The Employment and Training Division of the Department of Labor Released their initial claims report today, Thursday. The report showed a rise of 8k with 362k in claims, analysts had forecast an increase of 355k. Last week’s results had shown an increase of 351k. The four week moving average has been trending downward since January standing at 354k on February 25. There has also been a decrease in the volatility of this factor suggesting a stabilizing effect on lay off numbers. Continuing claims, which is a less important factor for analysis because of its intransitory nature was expected to rise to, 3405k after last week’s numbers had settled at 3402k.

This number comes in th midst of a huge amount of other economic indicators which tell us a lot about the state of the jobs market and the condition of the economy in general. The ADP employment report(LINK) was released yesterday and showed that private employers added 216000 jobs in February. Tomorrow Friday the Bureau of Labor Statistics will release their own employment report which should show an increase, forecast suggesting somewhere in the region of 250k in employment. The four week moving average in initial claim is the lowest it has been since March 2008, another sign that the economy is improving.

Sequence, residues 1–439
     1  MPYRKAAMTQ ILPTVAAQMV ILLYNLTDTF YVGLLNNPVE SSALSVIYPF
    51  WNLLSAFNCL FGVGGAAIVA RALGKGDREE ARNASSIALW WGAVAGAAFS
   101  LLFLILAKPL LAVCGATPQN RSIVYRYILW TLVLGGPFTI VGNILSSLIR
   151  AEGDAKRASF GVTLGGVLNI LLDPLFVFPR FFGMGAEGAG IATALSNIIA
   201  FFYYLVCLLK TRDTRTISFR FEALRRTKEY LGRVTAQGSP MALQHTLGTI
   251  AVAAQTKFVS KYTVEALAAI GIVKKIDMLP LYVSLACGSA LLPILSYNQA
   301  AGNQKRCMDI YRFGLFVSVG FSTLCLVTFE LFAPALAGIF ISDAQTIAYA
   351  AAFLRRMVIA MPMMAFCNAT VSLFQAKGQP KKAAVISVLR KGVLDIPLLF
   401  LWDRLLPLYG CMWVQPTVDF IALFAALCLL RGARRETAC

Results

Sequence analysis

Though the initial claims number may be in line with the rest of the employment numbers it is not a significant factor in itself in showing the health of the jobs market. This is especially true of a week where the BLS employment report is released. The numbers are used as support to show the improvement in the labor market and therefore the economy but this numbers by themselves are not usually used for analysis. The large amount of data coming out this week should bolster the market, showing almost universally that the economy is back in growing form again and that the labor market is finally recovering.

The initial claims results are released weekly on Thursdays for the week ending the previous Saturday. The data is prompt but its narrow weekly focus makes it a less than accurate predictor of job growth levels. Its four week running average is sometimes used in order to get a more sustained picture of what is happening in the labor market. The results show the increase in filings for State jobless benefits and is calculated by the Department of Labor’s Division of Employment and Training.